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Team Oompa Loompa Cases
M1, Design 1
Our team was able to "gel" because we all knew each other from previous classes. We could communicate well without having to get to know each other. We could be honest and we weren't shy when discussing our ideas. Completing the assignment was easy because we all knew the design process from class lecture and we didn't have to explain it to each other.
A difficulty we had with M1 was our meeting with the TA. It had been a couple of weeks between when we completed our design and when we presented it to the TA. We were a little rusty about what we had done and our presentation was somewhat disorganized. We should have prepped ourselves by reviewing our design before the meeting so that we could clearly present our ideas to the TA without any confusion. Also, we could have labeled our CRC cards better to reduce confusion.
Because the roleplay requirement was not tied to a deliverable, we sort of ignored it. We regret this because we had to modify our original design after we thought it was set in stone. Roleplaying could have reduced the need to refactor our design later on.
M2, Design 2
Our team felt it was easy to add new CRC cards and scenarios because we had time to discuss them and we had some great input from our TA. We could easily make decisions about our design because of our knowledge obtained from class lecture. Also, we were able to easily identify the application and utility objects and create our UML class diagram because of the guidance we received from the TA.
We struggled with making good scenarios. Often, our scenarios weren't long enough. It's best to tell a descriptive story that is detailed about a certain use case.
One aspect of M2 that we could have completed quicker was the screen mockups. Instead of hand drawing then, we recommend using a drawing program like Paint or Photoshop to quickly create these. This way, if you want to make a small correction you can just edit the file, opposed to re-drawing your mockup. You can even create them in the VisualWorks GUI builder to get a head start on the next step, M3.
M3, Implementation 1
When performing the SUnit tests, it was particularly difficult to determine which classes needed to be tested because the backend and UI was mixed together rather than being separate. It was also difficult to implement SUnit because you need to have accessers and modifiers for all of the variables. We also had difficulty doing certain things in Smalltalk that we could have easily done in another language when tying the UI in with the backend. Loading and Saving XML was tricky but we eventually got it figured out. Unfortunately due to time constraints it is not properly working in our current implementation of the project however the backend support is there. The logic is completely stubbed out into code however the writeNode function for an object is behaving erratically.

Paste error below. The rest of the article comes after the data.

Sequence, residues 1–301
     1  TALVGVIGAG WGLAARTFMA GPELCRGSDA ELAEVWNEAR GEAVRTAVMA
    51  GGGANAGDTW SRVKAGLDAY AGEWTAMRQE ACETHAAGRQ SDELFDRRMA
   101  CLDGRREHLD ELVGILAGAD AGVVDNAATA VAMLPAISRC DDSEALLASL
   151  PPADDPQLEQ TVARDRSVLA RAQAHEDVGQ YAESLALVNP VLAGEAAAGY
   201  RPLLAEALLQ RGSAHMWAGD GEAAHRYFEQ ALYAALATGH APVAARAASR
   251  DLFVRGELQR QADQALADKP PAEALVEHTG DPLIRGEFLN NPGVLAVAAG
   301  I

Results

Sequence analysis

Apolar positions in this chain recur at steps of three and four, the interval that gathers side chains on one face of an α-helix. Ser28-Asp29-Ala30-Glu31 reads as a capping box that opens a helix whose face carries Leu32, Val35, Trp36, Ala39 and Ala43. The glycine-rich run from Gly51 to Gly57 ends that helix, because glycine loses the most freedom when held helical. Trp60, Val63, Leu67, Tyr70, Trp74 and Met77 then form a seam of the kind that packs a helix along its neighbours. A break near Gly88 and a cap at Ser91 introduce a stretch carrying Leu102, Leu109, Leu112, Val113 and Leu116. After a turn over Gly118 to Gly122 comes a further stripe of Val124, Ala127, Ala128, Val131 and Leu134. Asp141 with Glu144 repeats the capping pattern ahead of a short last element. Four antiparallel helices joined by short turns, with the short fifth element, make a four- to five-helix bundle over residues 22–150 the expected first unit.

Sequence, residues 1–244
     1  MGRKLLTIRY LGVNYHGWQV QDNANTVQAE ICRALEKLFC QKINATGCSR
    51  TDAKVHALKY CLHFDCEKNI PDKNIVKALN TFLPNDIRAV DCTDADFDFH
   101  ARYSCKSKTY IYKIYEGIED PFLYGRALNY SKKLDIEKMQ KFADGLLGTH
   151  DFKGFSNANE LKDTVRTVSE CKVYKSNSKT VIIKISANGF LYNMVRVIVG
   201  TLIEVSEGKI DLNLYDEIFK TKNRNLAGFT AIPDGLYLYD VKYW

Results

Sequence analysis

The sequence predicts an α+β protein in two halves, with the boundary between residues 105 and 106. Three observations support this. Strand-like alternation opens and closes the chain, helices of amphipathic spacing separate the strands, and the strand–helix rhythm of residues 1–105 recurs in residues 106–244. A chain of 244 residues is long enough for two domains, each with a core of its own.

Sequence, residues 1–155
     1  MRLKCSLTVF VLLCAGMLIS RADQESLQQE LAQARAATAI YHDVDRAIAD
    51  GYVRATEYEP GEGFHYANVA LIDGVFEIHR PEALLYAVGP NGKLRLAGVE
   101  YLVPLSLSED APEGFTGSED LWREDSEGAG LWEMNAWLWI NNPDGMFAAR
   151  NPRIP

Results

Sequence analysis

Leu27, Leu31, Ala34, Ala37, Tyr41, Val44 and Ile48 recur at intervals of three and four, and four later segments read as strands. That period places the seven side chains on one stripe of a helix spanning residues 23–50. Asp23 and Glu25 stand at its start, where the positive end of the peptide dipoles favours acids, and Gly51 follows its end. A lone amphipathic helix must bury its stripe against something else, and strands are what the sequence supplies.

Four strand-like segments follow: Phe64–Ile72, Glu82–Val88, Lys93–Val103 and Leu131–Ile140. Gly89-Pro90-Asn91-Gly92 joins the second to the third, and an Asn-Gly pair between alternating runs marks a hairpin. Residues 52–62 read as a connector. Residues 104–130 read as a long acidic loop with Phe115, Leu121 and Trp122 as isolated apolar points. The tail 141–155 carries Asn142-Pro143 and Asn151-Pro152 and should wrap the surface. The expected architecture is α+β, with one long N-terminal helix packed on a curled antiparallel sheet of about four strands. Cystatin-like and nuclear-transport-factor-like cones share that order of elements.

M4, Implementation 2
The biggest problem with smalltalk was the lack of documentation for widgets. For example successfully pulling and setting values from TextEditor Fields proved to be a nightmare because nowhere in the documentation could we find instructions. Eventually we learned that we had to define any widget that we wanted to interact with. This was counter intuitive because many languages do not require this. Pulling out the selected Index from a listbox was also tricky and that was actually a hurdle that we did not have time to complete.
M5, UI Evaluation
One recommendation for M5 is to meet or talk to the group whose code you are evaluating. This is particularly helpful if the group relies on extra frameworks or a database to run the product. If you cannot meet with them in person, use an instant messaging program to get in touch with them to have them walk you through how to set up and run the program. When conducting your evaluation, make sure you are prepared with all the materials (tasks, heuristics, etc) for your evaluators or they will get angry and not want to help you.
When writing the recommendations to the other team, be polite and constructive. Don't just say THIS THING SUCKS! Suggest changes along with a REASON. If you can't back up your suggestion with a violated UI design rule or opinion, then the other team is not likely to take it seriously and implement it. Also, don't get too upset about the feedback you receive from the other team. None of us are truly UI "experts", so take it with a grain of salt.
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- Cases last edited on 30 July 2011 at 2:33 am by r59h132.res.gatech.edu